Mum's still with me at the moment - still here from her stay for New Year.  I have the appointment for the MRI on my back/spine first thing in the morning, and she's coming with me to that, but then she and J are going back home to Scotland.  It shouldn't make much of a difference, seeing as I'm almost 40, but actually it does, because while they are here they can (and do) make sure that I'm okay.  That's not to say that I can't look after myself - of course I can - but everyone knows that it's easier to have someone help look after them when they're under the weather.  More significantly, should my lungs have a big splat while Mum is here then I know that she can easily summon help quickly.  It's not quite so straight forward when I'm on my own again - if I haven't got the breath to speak clearly to ambulance control; if I lose the ability to judge how ill I'm becoming (which does have a tendency to happen due to a build up of carbon dioxide in my blood when my lungs get bad); if I push myself that little bit too far in trying to maintain my independence, which might be as little as trying to walk through to the kitchen to make a cup of tea, or through to the bathroom to use the toilet.

Then there are night times, those dreaded times when lungs have a habit of deteriorating and GP surgeries are closed.  Now, in my cogent head I know that in an emergency I should call an ambulance, and that ambulances exist throughout the night as well as the daytime.  But the trouble, once again, is that muddled brain that I get when my lungs go into that dangerous slip, and I forget about ambulances.  I forget about other portals of help.  I worry that I will wake a friend from needed sleep, rather than thinking that they'd much rather be tired the next day having been woken by me to help me get the right help, than to later find out that I've died from an exacerbation of asthma.  My CO2-muddled brain worries about getting my health record info and my meds list up to date in the event that I might need to go to hospital, but it doesn't always register that I should be going to hospital there and then, rather than faffing around with paperwork.  My CO2-muddled brain thinks about making sure that there's everything in my hospital case that I need, not about getting to hospital itself.  My CO2-muddled brain is a dangerous brain to have, probably because it's in danger, and it's that CO2-muddled brain - the possibility of it - that scares me now.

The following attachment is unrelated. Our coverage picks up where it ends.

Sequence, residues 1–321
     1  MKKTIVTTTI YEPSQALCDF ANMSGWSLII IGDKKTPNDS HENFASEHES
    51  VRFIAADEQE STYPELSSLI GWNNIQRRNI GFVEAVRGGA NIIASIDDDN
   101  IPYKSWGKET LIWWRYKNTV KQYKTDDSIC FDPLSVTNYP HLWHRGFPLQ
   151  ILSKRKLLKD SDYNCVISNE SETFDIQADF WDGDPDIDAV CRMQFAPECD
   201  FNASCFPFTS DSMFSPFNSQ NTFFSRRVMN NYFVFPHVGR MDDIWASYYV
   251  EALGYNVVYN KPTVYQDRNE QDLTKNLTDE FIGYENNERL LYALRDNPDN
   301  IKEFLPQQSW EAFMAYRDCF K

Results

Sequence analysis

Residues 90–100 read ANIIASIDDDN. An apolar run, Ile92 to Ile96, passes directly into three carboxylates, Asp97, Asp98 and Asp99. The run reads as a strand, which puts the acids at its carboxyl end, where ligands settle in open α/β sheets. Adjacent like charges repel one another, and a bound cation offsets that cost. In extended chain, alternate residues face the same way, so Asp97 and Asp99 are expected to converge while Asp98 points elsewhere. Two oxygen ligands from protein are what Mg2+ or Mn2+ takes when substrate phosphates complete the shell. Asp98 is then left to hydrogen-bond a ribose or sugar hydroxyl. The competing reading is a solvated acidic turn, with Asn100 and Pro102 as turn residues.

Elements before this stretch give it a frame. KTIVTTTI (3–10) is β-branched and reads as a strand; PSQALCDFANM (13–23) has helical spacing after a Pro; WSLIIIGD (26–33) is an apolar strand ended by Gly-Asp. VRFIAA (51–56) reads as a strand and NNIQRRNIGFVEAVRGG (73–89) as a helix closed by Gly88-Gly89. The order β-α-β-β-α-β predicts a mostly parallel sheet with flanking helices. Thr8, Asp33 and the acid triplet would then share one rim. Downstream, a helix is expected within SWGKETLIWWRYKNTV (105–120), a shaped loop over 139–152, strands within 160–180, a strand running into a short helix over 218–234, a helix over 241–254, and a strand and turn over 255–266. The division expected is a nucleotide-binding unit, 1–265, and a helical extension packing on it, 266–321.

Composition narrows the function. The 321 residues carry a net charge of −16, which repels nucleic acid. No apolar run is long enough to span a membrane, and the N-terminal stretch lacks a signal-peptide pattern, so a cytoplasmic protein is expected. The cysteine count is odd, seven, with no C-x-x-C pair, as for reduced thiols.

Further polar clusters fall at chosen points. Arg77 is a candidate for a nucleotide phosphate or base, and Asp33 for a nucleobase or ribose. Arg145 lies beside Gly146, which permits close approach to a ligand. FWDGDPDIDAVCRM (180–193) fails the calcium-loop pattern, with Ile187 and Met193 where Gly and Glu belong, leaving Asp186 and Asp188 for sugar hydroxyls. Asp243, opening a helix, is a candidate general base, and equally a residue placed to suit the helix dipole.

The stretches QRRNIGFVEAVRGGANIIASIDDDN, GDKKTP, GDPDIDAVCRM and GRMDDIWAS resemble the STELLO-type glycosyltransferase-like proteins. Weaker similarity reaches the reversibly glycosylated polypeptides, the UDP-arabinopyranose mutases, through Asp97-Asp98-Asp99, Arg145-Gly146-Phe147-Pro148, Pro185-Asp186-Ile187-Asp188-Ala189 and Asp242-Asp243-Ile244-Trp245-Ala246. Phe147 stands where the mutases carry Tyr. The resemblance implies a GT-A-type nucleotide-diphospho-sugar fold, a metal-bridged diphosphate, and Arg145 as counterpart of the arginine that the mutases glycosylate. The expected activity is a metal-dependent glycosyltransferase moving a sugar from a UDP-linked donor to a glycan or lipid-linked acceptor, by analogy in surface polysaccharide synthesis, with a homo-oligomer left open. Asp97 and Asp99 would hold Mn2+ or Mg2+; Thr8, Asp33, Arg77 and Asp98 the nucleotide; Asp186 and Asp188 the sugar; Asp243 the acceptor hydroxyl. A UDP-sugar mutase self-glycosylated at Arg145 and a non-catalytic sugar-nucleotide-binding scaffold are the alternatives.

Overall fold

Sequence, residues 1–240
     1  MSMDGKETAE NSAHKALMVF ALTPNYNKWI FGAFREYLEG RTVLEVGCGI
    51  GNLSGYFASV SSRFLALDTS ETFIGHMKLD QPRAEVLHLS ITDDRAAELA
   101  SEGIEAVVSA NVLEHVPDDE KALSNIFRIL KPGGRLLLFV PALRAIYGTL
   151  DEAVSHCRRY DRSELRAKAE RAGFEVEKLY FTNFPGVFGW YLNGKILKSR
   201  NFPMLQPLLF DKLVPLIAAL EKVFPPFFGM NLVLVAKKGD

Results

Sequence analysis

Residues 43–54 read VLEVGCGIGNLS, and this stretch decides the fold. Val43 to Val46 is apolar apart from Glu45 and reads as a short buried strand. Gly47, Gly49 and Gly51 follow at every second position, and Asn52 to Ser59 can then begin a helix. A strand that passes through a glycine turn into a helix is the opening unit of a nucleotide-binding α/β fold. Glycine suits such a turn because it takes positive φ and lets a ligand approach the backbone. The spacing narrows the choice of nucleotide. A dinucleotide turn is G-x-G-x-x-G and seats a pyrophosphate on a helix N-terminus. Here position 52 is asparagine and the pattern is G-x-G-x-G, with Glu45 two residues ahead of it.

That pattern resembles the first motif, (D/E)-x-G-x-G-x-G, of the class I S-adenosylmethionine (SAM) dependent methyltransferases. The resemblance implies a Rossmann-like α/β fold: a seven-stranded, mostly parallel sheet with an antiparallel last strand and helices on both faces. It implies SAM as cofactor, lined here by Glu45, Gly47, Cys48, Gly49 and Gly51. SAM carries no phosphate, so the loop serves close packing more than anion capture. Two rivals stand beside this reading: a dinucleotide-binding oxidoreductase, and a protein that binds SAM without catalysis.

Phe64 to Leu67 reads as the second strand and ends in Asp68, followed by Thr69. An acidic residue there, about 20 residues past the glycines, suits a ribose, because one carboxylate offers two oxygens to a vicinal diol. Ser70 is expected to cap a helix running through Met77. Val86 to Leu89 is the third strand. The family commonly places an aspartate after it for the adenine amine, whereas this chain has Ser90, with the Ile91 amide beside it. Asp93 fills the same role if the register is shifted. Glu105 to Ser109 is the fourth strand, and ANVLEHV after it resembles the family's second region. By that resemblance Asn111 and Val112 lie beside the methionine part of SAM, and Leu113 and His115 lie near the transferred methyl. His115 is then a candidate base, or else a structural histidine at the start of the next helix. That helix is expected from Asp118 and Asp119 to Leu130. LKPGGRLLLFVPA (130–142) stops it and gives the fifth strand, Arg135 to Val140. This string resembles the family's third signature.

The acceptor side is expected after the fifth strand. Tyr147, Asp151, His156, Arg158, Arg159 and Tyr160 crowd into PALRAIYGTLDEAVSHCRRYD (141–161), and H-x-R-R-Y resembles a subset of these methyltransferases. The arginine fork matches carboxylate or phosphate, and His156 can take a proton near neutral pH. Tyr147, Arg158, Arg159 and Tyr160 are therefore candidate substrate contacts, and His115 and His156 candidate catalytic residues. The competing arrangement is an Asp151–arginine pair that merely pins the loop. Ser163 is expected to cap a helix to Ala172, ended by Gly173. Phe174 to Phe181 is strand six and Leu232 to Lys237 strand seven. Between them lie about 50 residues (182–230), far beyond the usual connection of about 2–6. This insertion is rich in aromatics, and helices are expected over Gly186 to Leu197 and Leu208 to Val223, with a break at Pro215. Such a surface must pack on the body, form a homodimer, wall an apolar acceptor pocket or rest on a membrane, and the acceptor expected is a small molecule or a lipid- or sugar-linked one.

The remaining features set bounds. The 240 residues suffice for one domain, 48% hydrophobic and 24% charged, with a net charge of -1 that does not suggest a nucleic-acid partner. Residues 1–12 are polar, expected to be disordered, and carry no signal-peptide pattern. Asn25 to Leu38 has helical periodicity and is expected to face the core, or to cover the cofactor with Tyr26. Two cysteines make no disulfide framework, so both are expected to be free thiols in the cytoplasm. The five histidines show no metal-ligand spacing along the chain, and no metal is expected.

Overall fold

Of course, of course, of course I know that it might not happen this time.  I hope to God that it doesn't, but I can't trust that it won't, and that uncertainty is frightening too.  And then there's the thought that it might all drag on, and I'll get more and more tired and weary, and then I won't have the energy to fight if I need to.  The possibility of a long, slow slip downwards is frightening.  The possibility of a long, hard fight at the end of that is even more frightening.

I have home antibiotics if I need them, but there's no point in taking them at the moment while it's almost certainly viral.  I won't take them unless I need them.  I'm keeping an eye of signs of an antibiotic-worthy infection, but so far there's none.  I just cough, and I feel the heaviness in the top of my chest, hear the gentle wheeze and the edge of an occasional crackle, feel the scratchiness in my throat, and take the meds I can to alleviate what is possible to alleviate.  No relief lasts long, but I'm thankful that at the moment I'm not in crisis, and I hope that it stays that way throughout.

All this from a bit of a lurgy.  It scares me, and I wonder how much people understand about why my fears are real, and why they're not an over-reaction to a 'simple' viral bug.  And I wonder how much people understand why, at times like this, living on my own is a frightening thing, and why it means quite so much that my mum's going home tomorrow.  Perhaps it shouldn't matter what others understand ... but for some reason it does.

Monday, 30 December 2013

Review of the year 2013

It's that time again when many of us take some time to look back at the year that has been.  2013 has been a difficult year for me, but I'm still going to do the annual review, so here goes...

1. What has been your biggest achievement this year?  Probably just surviving it.  It's been tough in many different ways, and there were lots of times when I really doubted that I would get through.  I'm still alive, and I reckon that's a huge achievement for this year.